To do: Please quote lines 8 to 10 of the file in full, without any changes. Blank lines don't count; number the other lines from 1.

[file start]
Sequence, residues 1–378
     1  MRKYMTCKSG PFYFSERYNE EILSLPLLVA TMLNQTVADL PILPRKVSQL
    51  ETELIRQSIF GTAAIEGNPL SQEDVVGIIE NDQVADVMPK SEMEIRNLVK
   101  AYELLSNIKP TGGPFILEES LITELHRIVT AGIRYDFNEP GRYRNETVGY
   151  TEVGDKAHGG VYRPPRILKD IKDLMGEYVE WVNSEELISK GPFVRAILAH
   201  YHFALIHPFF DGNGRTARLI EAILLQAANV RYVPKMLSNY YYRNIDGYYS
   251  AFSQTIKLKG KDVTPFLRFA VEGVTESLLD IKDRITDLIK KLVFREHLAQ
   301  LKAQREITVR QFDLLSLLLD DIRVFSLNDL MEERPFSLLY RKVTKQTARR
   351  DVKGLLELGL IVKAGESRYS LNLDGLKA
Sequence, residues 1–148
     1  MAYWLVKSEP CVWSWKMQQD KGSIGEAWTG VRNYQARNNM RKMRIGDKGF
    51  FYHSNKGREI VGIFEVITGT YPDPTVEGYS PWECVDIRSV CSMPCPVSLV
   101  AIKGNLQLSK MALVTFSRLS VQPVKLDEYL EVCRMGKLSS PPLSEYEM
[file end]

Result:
   301  LKAQREITVR QFDLLSLLLD DIRVFSLNDL MEERPFSLLY RKVTKQTARR
   351  DVKGLLELGL IVKAGESRYS LNLDGLKA
Sequence, residues 1–148